The Lumbery in Cape Elizabeth courtesy photo / Mike Friedland

CAPE ELIZABETH – In a Cape Elizabeth Town Council session, councilor Tim Reiniger made the motion to dismiss the lawsuit against the Lumbery and councilor Gillis seconded it. The vote, on Nov. 13, was a unanimous 7-0 to drop the legal action.

The decision was met with a sense of relief by Mike Friedland, part-owner of the Lumbery, which is a store that sells items such as lumber and tools. “I am absolutely relieved that the Cape Elizabeth Town Council voted to dismiss the lawsuit,” Friedland said. “And I am especially thankful to councilor Tim Reiniger who repeatedly pressed the issue.”

Friedland said he was relieved, “but at the same time, I am shocked by the absolute lack of introspection on the part of the town. I have mixed feelings about the outcome of last Monday’s town council meeting. I am not at all happy that the hastily written, inaccurate lawsuit with fines that could exceed $4.5 million which was filed against myself personally, for some odd reason, as well as the Lumbery, is still in place and being utilized as a coercive tool in a negotiation that is less about broken rules and more about rules that are broken.”

Friedland said he has been very straightforward in telling them that their rules, procedures, and processes are harmful to my business and present zero benefit to the town. “I also informed them that the conditions placed upon my property run contradictory to the town center master plan as well as the town comprehensive plan,” Friedland said. “Time and again the town staff chose to discount my words and ignore my pleas for help and ultimately decided to sue us instead of working with us to come up with a practical solution. This whole ordeal which has lasted over 13 months has drained me emotionally, mentally and financially.”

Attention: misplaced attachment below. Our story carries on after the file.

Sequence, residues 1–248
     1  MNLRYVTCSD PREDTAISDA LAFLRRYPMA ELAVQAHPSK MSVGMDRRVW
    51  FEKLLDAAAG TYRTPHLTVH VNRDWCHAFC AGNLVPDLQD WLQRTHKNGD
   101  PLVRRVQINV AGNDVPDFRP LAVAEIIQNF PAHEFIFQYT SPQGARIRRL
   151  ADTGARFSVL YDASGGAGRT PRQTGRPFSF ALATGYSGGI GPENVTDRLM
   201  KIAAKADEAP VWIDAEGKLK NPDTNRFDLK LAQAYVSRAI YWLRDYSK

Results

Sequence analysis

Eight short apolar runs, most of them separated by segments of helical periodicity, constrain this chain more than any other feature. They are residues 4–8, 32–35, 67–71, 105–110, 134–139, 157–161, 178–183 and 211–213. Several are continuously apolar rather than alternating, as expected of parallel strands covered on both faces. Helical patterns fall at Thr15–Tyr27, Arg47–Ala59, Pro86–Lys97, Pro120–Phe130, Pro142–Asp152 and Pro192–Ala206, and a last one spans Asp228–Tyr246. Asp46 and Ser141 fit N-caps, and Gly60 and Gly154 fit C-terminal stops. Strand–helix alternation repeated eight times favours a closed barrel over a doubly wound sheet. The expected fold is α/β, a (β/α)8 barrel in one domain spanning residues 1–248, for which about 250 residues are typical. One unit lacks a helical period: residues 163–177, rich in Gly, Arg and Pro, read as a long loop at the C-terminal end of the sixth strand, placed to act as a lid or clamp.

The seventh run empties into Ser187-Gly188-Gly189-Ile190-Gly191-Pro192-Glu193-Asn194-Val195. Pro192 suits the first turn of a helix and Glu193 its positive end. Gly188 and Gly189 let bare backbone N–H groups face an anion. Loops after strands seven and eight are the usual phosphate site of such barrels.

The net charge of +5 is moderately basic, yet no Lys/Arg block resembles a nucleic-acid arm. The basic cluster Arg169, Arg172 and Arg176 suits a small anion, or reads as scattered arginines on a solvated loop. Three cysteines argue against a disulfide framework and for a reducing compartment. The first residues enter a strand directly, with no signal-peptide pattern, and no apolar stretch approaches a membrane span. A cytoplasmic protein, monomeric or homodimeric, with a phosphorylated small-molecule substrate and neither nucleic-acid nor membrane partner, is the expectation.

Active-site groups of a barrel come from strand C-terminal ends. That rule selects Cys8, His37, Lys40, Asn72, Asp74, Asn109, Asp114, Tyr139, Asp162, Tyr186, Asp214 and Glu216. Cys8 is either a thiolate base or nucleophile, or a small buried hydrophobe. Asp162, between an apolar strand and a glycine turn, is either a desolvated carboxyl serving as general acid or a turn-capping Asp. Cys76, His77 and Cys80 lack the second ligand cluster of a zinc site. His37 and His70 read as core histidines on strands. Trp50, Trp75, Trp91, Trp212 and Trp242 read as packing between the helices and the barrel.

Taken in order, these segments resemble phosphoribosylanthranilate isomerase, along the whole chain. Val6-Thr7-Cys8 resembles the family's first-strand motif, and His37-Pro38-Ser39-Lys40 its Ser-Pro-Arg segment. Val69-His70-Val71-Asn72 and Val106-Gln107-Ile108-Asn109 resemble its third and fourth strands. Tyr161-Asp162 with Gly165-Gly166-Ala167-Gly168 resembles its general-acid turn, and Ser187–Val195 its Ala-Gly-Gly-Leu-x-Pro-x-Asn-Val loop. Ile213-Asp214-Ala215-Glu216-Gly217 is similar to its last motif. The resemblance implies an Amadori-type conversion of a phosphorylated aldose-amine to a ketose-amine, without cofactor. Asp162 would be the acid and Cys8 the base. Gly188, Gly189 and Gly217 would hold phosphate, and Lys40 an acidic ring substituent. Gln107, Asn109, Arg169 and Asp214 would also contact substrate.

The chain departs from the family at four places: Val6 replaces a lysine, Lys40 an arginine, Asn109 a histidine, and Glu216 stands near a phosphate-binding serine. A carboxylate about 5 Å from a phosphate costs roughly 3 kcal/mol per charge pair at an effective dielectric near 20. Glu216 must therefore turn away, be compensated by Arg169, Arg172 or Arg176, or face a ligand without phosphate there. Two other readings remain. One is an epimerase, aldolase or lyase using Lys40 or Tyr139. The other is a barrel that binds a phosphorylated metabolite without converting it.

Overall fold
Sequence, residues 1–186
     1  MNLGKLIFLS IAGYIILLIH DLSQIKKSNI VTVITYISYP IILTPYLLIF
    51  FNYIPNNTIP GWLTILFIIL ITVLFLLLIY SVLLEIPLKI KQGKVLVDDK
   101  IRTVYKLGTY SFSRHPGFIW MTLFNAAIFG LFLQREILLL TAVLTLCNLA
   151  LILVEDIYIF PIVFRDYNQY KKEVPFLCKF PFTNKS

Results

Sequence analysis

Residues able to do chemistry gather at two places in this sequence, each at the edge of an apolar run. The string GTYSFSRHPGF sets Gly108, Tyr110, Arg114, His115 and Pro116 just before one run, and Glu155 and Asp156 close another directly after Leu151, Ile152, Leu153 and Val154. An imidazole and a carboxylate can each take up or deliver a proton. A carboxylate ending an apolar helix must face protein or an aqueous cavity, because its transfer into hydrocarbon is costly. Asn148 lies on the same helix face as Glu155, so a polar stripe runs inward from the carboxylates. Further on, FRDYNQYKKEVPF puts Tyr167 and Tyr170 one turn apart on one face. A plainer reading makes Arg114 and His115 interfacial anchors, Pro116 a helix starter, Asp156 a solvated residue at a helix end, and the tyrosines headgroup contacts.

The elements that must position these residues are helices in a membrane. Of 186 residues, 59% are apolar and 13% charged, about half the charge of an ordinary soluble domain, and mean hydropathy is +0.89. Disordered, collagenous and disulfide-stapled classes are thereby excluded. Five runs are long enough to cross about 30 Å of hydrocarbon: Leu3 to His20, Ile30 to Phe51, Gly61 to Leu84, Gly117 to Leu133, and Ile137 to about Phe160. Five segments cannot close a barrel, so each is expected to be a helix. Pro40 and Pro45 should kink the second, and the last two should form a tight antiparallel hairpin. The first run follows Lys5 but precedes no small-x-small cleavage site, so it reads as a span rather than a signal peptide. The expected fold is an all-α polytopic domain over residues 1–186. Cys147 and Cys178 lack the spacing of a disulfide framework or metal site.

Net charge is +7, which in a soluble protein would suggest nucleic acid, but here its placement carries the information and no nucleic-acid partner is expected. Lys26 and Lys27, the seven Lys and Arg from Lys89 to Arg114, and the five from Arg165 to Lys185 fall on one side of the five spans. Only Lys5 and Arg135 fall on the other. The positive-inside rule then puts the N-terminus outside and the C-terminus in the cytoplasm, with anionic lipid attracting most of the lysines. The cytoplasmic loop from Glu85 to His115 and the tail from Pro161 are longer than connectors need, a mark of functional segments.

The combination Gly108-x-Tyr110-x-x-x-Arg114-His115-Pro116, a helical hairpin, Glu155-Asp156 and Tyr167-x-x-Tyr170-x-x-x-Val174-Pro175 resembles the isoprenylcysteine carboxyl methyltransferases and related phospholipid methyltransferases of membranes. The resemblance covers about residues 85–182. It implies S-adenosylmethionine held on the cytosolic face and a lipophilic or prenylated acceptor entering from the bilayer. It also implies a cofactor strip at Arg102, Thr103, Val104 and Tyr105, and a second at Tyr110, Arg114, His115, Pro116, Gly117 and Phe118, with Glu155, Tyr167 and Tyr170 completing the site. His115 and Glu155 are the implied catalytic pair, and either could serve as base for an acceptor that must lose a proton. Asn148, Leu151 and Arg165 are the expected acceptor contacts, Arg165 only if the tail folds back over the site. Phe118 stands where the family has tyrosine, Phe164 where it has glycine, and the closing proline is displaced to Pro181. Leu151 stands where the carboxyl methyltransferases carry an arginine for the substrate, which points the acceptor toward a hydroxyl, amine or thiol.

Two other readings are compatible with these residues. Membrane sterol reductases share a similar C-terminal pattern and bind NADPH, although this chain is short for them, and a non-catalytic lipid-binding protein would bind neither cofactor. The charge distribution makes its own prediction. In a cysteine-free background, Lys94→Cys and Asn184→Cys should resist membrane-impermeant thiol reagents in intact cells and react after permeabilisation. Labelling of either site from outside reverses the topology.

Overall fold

However, he expressed hope in the appointment of an independent mediator to resolve the dispute and investigate what led to the lawsuit. “And I am hopeful that positive change is coming, not just for the Lumbery but for many folks who have been frustrated by a culture where precedence is king and common sense need not apply,” Friedland said.

“I am pleased that the town council has unanimously voted to withdraw the lawsuit against the Lumbery and Michael Friedland,” Reiniger said.

Reiniger said he believes this is an appropriate response to the community support Mr. Friedland received as exhibited by the extensive public testimony. “My hope is that this will result in a renewed town focus on promoting small business development in Cape Elizabeth as an essential tool in alleviating the homeowner property tax burden, which currently stands at 98 percent of all taxes collected,” Reiniger said.

“I’ve been shouting that I need help, and it wasn’t until we got a 1,400-person petition, that we filled this room. In my experience with this town, my experience has not mattered at all. It’s like I was speaking into the wind,” Friedland said. Friedland said he was at the meeting to make suggestions. “I suggest you drop the lawsuit because I think that would be great for the town. I suggest I get reimbursed for legal fees because it should not have come to this. I suggest there be an internal review to figure out what went wrong, who was responsible, and how can we avoid this in the future.”

The Cape Elizabeth Town Council’s decision to dismiss the lawsuit without prejudice leaves room for potential legal action in the future, depending on the outcome of ongoing amendments to the Outdoor Storage Ordinance.

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